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What is an Arkansas Small Estate Affidavit?

Having an Arkansas Small Estate Affidavit helps people inherit property. It also helps you avoid a full probate action. Times are difficult when a loved one dies, this helps make it simpler if you qualify.

Small Estate Administration

Small Estate laws were enacted in Arkansas in order to allow heirs to receive the property that the deceased wanted them to have without the long process of probate. In Arkansas, you may be able to avoid the probate process or at least shorten the process if certain conditions are met. These conditions include:

  • The total value of the entire estate is less than $100,000 and that claims (debts or judgments) against the estate have been paid. There are other exclusions and exemptions from this amount, such as the homestead exemption and spouse and child allowances.
  • Forty-five (45) days must have passed since the death before filing the affidavit
  • There is not a personal representative of the estate already appointed or a petition for an appointment pending.

How do I use the Small Estate laws?

You must file an Affidavit for Collection of Small Estate with the probate clerk of the circuit court in the county where the deceased last lived. The affidavit can be filed by one or more of the people receiving proceeds from the estate (called distributees). The affidavit must state, among other things, that the conditions in the previous section are true.

It will also need to state the persons entitled to inherit, the date of the decedent’s death, an itemized description of the property (including real property), the persons possessing the property, and everything else listed in Ark. Code Ann. 28-41-101.

Here is a complete list of what needs to go into an Arkansas Small Estate Affidavit:

  • That there are no unpaid claims or demands against the decedent or his or her estate, that the Department of Human Services furnished no federal or state benefits to the decedent, or, that if such benefits have been furnished, the department has been reimbursed in accordance with state and federal laws and regulations;
  • An itemized description and valuation of the personal property and a legal description and valuation of any real property of the decedent, including the homestead;
  • The names and addresses of persons having possession of the personal property and the names and addresses of any persons possessing or residing on any real property of the decedent; and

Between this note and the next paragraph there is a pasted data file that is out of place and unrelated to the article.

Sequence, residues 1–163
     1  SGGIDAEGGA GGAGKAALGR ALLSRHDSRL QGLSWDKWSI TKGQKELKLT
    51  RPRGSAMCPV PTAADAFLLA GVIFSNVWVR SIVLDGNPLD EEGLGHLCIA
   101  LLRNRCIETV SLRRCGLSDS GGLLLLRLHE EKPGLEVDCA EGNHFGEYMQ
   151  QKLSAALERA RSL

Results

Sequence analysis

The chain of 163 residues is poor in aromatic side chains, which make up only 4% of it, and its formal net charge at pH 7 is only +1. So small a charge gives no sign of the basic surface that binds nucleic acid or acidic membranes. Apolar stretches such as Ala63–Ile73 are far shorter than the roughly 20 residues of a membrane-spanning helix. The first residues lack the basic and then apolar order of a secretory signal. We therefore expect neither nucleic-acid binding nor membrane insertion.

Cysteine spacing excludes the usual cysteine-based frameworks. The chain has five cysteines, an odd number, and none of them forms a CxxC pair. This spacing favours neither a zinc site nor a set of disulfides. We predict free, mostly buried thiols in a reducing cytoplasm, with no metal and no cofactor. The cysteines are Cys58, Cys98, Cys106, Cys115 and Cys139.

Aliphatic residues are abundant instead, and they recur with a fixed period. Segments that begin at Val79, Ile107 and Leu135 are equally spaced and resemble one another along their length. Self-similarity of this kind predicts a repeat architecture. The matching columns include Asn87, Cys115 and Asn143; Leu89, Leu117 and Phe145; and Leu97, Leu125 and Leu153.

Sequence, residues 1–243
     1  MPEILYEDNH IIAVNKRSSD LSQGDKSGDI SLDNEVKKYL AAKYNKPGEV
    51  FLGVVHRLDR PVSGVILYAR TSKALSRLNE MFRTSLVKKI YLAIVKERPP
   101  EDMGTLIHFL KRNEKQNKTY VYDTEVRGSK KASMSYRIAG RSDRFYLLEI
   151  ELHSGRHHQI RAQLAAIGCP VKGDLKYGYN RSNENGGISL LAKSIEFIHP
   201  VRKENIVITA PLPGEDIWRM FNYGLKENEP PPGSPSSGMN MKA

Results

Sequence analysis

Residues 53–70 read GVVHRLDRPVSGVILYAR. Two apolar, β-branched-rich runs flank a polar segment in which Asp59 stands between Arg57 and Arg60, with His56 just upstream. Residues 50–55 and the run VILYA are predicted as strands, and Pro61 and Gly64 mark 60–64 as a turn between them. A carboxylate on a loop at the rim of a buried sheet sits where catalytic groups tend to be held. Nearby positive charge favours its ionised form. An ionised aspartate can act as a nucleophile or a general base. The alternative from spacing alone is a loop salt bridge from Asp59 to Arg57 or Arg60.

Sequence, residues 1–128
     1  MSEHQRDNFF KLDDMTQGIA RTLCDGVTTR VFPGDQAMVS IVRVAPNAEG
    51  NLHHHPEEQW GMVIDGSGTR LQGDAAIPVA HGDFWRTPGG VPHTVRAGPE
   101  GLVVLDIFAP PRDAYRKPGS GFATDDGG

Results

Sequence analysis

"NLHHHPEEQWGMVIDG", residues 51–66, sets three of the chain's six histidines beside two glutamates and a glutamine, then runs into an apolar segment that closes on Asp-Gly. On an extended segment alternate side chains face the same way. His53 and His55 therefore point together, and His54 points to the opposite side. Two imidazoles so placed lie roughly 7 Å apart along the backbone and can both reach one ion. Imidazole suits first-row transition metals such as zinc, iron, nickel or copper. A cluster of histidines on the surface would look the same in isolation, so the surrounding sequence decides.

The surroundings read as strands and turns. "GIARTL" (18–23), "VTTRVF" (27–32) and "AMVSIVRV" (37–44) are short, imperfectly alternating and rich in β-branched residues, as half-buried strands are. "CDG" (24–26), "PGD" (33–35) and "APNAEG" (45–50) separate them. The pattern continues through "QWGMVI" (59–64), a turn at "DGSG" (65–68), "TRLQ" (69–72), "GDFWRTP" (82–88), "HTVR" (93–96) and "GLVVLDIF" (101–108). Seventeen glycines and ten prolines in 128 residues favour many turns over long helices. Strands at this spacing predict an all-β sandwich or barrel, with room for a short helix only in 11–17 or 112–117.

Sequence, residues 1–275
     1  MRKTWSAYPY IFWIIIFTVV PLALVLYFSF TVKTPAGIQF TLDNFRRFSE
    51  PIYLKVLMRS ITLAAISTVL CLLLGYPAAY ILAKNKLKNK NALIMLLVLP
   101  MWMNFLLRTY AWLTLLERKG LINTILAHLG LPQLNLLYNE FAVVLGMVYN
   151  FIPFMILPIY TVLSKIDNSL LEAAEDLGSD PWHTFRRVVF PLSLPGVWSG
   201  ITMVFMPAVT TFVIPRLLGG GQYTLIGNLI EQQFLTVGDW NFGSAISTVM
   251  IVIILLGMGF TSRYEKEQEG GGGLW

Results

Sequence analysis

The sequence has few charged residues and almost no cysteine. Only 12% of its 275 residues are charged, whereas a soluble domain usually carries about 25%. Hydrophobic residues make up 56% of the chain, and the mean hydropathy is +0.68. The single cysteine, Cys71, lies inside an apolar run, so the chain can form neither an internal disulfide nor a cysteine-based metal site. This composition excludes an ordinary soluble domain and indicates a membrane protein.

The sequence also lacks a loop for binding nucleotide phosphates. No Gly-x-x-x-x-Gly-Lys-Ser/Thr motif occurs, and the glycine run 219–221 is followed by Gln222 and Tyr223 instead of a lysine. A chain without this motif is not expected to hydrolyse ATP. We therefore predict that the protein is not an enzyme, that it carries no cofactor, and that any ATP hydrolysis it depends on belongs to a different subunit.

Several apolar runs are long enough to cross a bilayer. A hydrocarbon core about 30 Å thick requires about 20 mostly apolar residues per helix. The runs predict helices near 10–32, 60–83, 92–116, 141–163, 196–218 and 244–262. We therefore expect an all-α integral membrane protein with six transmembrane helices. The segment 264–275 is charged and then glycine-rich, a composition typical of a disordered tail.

• The names, addresses, and relationship to the decedent of the persons entitled to and who will receive the property; and

You probably will need to request the clerk provide certified copies. Some banks and other institutions will require an affidavit certified before they accept it.

What happens after filing the affidavit?

After you file the affidavit with the probate clerk, the clerk will sign the affidavit and place her seal on it. You can then provide a copy of the affidavit to financial institutions or other persons or entities that have the property of the deceased.

They should then release the property or proceeds to you or whoever is named in the affidavit. You may also need additional paperwork, depending on what type of property it is and who has possession of it.

It’s important to remember that if any false information was provided in the affidavit, then you may be held liable for damages

Is there a Personal Representative in a Small Estate?

In a small estate, the distributees may act as personal representatives of the deceased. This means that they can manage and dispense with the assets in accordance with Arkansas Small Estate Law. They are still responsible for paying all claims against the estate before distributing assets to heirs or beneficiaries.

Do I have to Publish in the Newspaper with a Small Estate?

Under Arkansas law, you only have to file in the newspaper if there is real estate involved in the small estate affidavit. Once you run the publication you have to file proof of publication with the probate court. Once 3 months have passed from the date of first publication, creditors will be forever-barred from making claims against the estate.

If there is only personal property, then you do not have to run a publication in the newspaper.

How much does an estate have to be worth to go to probate in Arkansas?

In Arkansas, an estate with property valued at more than $100,000 must go through the probate process. If it is worse less than $100,000 then can go through the small estate process so long as you meet all the requirements above.

Can you sue someone for taking personal property with a Small Estate Affidavit?

Yes, if someone takes possession of the personal property using an affidavit when they are not legally entitled to it, then the distributees can file a civil lawsuit against them for damages.

Also, if you list false information in the affidavit and then distribute or take property incorrectly, you can be held liable.